I am supposed to be going to a funeral right now.
Instead, I am wrapped up in a blanket, drinking tea and listening to “Holocene” on repeat. It’s raining
As I’ve written before, village life comes to a halt when the rain comes. The animals do not go out to the fields. There are no women or children at the pump. Everyone stays inside, waiting for a break of sunshine.
It’s September, the beginning of the planting season, and this rain is answered prayer. Last years crop yield was heartbreakingly disappointing from a drought. It’s something the Basotho share with farmers in South Dakota. A friend, who lives on a ranch with her husband and three children, recently wrote about the lack of rains and the worry that brings. But, like the Basotho, she is optimistic and rests all anxiety on a higher power. As I watch the rainfall from my window, I know how happy this water from above will make my host family and the other farmers in the village. They have just planted potatoes. I pray my friend at home soon feels the same relief.
During my time in Africa – both in Lesotho and Niger – I have rarely seen an all-day shower. The sun usually pops out and village life returns to the normal bustle. I hear heard boys whistling at animals and children shouting through the village. My host mother yells something as she returns to daily chores.
Everything is a bit behind in village routine, but all for good reason. South Dakota is a place where you pray for rain at public events (if you have ever heard Jim Woster MC an event, you know what I mean), Lesotho isn’t much different.
The funeral I have to go today, my first in Lesotho, is a tragic one – a woman’s life taken by family. It is the grandmother of a friend, who has experienced all the justified feelings that come with something so unimaginable to people like me. Like all Basotho, his emotions have been tucked away, making it hard for me to know really how he is doing. I don’t know, but even if I did, I couldn’t relate.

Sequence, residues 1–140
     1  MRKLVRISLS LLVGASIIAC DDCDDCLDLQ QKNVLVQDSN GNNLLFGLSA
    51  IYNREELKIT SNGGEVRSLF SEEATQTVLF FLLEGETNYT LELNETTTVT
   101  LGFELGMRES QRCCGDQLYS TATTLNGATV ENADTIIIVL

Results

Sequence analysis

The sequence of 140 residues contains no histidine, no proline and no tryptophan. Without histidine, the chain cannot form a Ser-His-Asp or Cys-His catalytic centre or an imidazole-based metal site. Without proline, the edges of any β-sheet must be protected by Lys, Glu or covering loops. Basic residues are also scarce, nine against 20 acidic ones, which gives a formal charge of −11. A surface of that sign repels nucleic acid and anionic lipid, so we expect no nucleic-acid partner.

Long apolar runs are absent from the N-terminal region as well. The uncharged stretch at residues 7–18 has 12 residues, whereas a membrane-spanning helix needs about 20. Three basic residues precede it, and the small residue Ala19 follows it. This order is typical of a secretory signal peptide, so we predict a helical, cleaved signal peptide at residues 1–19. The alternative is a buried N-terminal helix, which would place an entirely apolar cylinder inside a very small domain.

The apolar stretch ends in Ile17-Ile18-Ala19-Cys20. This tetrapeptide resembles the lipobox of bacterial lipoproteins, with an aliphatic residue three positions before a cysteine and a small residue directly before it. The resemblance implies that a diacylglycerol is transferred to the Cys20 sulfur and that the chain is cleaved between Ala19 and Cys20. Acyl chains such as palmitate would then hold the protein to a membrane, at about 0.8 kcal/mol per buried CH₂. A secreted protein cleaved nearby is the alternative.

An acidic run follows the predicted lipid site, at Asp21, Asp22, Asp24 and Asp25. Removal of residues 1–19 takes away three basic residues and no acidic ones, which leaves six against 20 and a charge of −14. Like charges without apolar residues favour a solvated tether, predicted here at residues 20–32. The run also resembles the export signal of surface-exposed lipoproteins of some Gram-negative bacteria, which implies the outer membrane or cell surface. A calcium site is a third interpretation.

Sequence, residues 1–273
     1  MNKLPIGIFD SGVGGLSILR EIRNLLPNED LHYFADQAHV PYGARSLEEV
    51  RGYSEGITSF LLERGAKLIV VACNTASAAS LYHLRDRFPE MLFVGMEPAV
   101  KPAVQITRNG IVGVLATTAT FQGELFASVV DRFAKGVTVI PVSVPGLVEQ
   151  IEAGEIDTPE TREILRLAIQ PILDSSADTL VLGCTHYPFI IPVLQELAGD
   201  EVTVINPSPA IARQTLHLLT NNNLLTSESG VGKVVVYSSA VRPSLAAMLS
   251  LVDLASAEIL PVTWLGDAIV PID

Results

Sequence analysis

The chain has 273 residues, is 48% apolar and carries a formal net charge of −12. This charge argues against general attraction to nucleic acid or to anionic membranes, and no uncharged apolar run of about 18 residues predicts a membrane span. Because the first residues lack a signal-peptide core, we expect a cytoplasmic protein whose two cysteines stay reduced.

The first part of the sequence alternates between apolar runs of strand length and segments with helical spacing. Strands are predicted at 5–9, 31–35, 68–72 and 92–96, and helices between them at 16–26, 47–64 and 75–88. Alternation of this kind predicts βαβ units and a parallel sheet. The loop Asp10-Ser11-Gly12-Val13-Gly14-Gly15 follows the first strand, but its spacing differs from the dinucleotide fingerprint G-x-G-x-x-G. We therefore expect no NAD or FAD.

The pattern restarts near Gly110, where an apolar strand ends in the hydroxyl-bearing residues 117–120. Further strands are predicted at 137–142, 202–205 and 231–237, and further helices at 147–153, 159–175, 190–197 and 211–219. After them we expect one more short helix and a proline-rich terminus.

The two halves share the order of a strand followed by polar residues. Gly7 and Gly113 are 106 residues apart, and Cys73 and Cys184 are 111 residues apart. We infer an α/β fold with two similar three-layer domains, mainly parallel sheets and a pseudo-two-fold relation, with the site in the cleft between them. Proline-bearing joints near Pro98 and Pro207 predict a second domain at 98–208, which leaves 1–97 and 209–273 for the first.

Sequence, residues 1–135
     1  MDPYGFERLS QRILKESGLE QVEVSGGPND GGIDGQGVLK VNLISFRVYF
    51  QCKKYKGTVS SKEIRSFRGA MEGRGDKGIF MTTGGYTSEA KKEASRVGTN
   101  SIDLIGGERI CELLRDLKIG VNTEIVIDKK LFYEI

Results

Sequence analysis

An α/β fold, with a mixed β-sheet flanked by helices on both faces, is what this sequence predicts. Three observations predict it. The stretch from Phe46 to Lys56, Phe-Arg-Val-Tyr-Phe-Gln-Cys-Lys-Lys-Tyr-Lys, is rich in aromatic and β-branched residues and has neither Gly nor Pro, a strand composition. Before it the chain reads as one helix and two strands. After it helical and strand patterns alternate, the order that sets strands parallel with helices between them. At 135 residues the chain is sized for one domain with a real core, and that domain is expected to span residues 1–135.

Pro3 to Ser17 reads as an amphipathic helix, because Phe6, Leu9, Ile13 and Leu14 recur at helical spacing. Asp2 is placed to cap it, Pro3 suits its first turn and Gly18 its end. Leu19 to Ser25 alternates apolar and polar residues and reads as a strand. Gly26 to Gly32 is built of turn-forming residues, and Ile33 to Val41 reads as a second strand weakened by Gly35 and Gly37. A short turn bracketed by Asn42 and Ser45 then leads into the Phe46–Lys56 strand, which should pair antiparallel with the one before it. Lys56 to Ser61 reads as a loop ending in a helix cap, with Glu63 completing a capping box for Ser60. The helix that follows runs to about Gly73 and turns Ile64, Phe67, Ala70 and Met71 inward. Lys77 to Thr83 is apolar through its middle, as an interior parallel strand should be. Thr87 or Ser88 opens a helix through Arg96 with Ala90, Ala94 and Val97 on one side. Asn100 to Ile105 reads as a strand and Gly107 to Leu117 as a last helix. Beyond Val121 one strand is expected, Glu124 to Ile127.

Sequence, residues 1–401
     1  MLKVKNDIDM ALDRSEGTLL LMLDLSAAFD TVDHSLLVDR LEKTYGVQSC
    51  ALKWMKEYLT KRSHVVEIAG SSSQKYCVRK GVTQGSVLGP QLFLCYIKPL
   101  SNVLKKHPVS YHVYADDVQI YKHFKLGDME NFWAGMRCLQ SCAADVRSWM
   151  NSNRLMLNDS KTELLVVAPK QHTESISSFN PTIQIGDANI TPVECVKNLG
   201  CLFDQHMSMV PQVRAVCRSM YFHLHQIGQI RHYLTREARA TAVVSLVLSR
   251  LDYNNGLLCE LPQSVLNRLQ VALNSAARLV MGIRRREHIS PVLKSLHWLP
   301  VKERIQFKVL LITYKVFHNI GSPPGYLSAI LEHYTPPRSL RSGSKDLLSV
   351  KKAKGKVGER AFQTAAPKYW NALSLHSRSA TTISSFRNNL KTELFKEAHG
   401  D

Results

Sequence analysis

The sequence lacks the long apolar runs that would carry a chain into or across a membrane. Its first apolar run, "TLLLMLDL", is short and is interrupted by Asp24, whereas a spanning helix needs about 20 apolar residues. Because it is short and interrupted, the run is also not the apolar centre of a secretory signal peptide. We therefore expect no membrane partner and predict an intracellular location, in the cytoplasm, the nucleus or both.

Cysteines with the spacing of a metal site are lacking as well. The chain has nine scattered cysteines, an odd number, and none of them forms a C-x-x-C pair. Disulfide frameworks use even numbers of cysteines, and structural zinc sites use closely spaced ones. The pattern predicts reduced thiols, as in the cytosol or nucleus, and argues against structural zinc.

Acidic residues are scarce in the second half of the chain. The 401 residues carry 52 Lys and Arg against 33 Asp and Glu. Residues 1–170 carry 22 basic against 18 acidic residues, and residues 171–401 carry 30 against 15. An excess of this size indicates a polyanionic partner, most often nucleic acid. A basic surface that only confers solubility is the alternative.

As the rain continues to drop and the clouds smack against each other, the funeral’s start time is pushed back. Large, circus-like tents are being soaked and family members are trying their best to finish the food for the feast (In Basotho culture, it is customary that the family provides heaps of food, usually papa and mereoho, for funeral attendees). There is probably no stress that the rain is here. Basotho don’t worry about things like that, they just do.
But there is likely gratitude. For the rain. And for the life. By the end of the day, the rain will be gone, but plants will have the substance to grow and someday flourish into food. And the family will have said goodbye, laying to rest their loved one and starting the process of moving past this horrific event.
The rain marks a beginning while the funeral an end. They are both sad and happy. They are also meaningful events in the circle of life, ones I truly didn’t respect until living with a culture that truly respects them. As I think of the crops near my house being doused, my friend in South Dakota, my friend here without a grandmother and the life that will be praised later today, I too have respect for the rain and the funeral.